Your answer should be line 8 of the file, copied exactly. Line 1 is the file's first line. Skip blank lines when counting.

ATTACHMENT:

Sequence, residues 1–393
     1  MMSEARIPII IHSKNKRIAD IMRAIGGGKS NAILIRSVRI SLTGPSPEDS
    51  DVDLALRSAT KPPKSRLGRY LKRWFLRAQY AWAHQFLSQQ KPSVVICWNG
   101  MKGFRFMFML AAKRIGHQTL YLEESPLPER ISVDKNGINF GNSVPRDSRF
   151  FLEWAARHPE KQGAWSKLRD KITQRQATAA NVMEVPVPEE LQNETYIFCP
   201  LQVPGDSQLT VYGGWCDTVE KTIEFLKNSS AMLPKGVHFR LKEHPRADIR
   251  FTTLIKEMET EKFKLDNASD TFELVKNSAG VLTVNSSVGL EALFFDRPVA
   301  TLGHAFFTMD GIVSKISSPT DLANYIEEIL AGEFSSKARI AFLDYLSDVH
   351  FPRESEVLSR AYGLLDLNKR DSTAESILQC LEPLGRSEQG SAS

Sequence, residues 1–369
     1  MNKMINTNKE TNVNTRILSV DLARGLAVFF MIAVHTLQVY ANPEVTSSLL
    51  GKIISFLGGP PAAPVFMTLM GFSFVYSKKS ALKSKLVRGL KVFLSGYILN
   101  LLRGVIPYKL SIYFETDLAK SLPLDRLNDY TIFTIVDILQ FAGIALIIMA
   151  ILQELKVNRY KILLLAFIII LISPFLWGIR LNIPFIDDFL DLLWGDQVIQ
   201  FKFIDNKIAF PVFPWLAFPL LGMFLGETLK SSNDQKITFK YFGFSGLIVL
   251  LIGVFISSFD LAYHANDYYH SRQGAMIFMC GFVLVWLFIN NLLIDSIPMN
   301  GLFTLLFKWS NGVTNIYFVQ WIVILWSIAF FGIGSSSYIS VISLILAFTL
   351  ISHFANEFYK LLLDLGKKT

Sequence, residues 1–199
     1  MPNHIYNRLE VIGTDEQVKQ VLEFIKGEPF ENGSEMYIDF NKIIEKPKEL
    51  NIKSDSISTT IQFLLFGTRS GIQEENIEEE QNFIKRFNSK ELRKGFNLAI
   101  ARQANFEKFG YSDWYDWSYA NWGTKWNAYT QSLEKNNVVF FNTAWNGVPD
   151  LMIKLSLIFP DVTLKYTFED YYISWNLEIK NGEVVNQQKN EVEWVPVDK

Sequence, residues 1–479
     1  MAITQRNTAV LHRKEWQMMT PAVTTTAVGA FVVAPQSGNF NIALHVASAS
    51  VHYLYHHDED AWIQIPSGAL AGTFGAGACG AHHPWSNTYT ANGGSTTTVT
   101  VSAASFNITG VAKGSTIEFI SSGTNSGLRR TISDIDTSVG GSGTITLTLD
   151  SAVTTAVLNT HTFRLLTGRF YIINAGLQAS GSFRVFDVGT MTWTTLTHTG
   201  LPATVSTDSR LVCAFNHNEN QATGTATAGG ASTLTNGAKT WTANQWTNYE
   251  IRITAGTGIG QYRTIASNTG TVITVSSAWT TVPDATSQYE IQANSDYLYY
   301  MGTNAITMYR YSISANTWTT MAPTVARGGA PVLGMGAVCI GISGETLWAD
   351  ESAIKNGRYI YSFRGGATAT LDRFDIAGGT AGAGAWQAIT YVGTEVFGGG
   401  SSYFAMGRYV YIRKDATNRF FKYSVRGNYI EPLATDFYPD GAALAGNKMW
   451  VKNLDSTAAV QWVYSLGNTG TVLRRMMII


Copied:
   301  TLGHAFFTMD GIVSKISSPT DLANYIEEIL AGEFSSKARI AFLDYLSDVH